Justin Hayworth/The Register
Tennessee's Shekinna Stricklen and Baylor's Odyssey Sims exchange words after a foul during the NCAA women's tournament regional semifinal championship game at Wells Fargo Arena in Des Moines, Iowa on Monday March 26, 2012.
By Marc Hansen | Des Moines RegisterDES MOINES, Iowa -
A college basketball team with an Odyssey in the starting lineup, especially one who scores 27 points in the biggest game of the season, is probably in for a long journey.
Baylor, which advances to the Final Four after winning its 38th straight game of the season Monday night, is such a team. Throw in a rugged-rebounding Destiny, a sharpshooting Kimetria and a shot-blocking 6-foot-8 Brittney, and the road doesn't end in Des Moines. It runs all the way to Denver.
But while the Lady Bears moved within two victories of a second national title with their 77-58 victory over Tennessee, it's hard to say what the immediate future holds for the coaching legend on the other bench.
After 38 years and an NCAA-record 1,098 victories at Tennessee, the question remains: Did Pat Summitt end one of the greatest coaching careers ever -- man or woman, any sport -- at Wells Fargo Arena?
Last summer, after a trip to the Mayo Clinic, doctors told Summitt she had early onset dementia, Alzheimer's type. In August, she went public with the diagnosis.
When the NCAA Tournament began two weeks ago, she told a UT publicist she still wanted to coach. Nothing has changed, the publicist said Monday night, as far she knew.
On the bench, Summitt doesn't do much hands-on coaching anymore. Against Baylor, she sat between assistants Dean Lockwood and Mickie DeMoss while associate head coach Holly Warlick stood at the end of the bench and directed traffic.
Every so often, Summitt would get up and walk to the front of the coaching box and yell at an official or shout instructions to a player. You don't see the Summitt stare as much anymore, but the fire is there.
During the short timeouts, the Lady Vols always made room for her in the huddle while mostly Warlick held court.
Among the many duties Summitt has delegated away this season is the postgame interview. Warlick, in her 27th year at Tennessee, wiped away a tear when she talked about her longtime boss and tried to keep it light when someone asked her about the boss' spunk on the sideline.
"That's Pat," she said. "Her love of the game -- she hasn't lost that. She may forget where her phone is, but she's not going to forget to yell at the officials. She's still competitive. I don't care what disease she has. She's going to go down swinging."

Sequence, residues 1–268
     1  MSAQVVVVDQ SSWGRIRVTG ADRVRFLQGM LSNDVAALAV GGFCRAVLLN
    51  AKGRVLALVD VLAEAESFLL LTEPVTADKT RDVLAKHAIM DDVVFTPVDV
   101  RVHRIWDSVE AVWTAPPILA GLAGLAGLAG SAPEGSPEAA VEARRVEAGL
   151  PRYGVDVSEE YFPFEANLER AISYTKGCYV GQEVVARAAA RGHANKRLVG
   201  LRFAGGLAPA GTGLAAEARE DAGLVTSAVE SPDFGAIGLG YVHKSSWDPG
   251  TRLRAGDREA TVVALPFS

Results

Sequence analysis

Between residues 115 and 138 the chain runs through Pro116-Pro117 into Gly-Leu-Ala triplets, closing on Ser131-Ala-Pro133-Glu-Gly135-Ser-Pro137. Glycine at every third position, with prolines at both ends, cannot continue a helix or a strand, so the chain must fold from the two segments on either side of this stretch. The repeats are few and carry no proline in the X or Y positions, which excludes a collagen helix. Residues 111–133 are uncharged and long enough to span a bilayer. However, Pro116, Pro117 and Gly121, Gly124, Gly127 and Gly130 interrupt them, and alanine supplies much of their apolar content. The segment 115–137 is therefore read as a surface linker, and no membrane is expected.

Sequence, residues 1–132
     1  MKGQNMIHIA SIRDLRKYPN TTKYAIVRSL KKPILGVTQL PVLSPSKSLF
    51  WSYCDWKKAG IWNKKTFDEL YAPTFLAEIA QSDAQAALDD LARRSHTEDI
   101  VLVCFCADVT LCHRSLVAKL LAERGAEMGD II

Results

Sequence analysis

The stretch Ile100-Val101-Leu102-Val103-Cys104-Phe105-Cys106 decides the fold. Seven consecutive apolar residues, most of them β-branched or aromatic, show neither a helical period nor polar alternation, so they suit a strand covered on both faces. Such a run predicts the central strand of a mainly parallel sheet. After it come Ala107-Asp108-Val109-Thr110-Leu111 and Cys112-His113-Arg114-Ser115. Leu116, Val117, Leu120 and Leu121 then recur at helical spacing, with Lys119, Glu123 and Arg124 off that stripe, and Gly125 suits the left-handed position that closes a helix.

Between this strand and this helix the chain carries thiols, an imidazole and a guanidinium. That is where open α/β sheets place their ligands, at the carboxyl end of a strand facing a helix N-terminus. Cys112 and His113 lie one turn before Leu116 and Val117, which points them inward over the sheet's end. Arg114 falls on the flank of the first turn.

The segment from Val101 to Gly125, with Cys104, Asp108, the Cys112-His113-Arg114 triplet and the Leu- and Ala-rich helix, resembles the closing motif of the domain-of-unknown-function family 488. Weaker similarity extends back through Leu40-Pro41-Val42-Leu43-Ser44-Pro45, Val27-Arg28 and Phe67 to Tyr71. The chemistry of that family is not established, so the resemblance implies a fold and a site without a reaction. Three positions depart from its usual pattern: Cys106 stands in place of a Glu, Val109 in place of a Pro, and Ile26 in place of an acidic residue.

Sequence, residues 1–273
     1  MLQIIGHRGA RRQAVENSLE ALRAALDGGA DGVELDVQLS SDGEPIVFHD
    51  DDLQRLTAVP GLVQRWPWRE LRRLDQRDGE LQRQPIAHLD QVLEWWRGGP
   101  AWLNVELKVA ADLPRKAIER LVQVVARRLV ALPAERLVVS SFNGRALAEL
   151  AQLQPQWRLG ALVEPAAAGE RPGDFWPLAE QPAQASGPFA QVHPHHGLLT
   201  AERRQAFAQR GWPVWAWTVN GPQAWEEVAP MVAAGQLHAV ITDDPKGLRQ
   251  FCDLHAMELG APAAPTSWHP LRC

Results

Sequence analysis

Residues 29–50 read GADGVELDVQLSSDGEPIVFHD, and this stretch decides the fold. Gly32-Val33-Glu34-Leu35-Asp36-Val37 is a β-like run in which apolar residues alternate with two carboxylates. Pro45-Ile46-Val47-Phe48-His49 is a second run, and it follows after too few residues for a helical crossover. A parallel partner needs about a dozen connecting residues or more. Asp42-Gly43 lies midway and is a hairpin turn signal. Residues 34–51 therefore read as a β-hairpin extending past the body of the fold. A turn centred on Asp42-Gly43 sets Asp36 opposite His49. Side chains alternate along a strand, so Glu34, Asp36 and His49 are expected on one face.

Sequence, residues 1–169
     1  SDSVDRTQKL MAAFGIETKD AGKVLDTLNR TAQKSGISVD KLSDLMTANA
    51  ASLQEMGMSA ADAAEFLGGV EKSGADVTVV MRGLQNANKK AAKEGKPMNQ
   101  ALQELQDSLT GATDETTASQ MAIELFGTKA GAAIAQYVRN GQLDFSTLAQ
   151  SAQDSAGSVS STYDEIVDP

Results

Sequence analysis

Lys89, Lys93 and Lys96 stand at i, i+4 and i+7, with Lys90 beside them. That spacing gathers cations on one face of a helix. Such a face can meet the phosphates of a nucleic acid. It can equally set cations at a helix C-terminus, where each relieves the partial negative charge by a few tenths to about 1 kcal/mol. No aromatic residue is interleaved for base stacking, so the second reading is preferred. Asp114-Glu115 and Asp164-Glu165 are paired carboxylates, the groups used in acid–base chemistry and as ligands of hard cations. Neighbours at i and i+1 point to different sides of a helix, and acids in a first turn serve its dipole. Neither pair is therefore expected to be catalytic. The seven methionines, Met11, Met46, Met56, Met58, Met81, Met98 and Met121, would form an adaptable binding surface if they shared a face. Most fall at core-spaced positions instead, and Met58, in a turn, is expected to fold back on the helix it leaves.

She said Summitt even joked about Warlick misplacing her phone and hinting that maybe more than one coach was fighting dementia.
The scene in the locker room afterward was emotional. There was much to digest. The game had ended with the ejection of three Baylor players who left the bench during a skirmish. One of those players was star center Brittney Griner, who was trying to play peacekeeper.
Would she be suspended for the national semifinal game? For a time, some thought that was possible.
But Griner's Final Four eligibility meant nothing to the players in the Tennessee locker room, where most of the thoughts were with Summitt.
"I look at her," starting forward Alicia Manning said, "and I just see this woman who is so strong and has been through so much. They say she's meant so much to women's basketball. That's not enough. She's meant everything to women's sports, period.
"They call it the University of Tennessee. They should change it to the University of Pat Summitt for all she's done."
Playing for Summitt -- what did it mean?
"It's an honor," Manning said, tear tracks on her cheeks. "I never took it for granted, not for a second. ... She's going to continue to touch people's lives, no matter what happens."
The Lady Vols' season hadn't ended the way the players -- past as well as present -- had hoped. Baylor Coach Kim Mulkey played on the U.S. Olympic champion team in 1984. Summitt was the coach.
After the game the two hugged, and Mulkey told Summitt she loved her. In the interview room, she tried to keep it light.
"Y'all talk about me dressing up," she said. "Have you seen pictures of her back in her day? That woman dress, too, now. Go back and look at her clothing, look at her hairstyle. You learn from people like that."
At the University of Summitt, there are still many majors to choose from.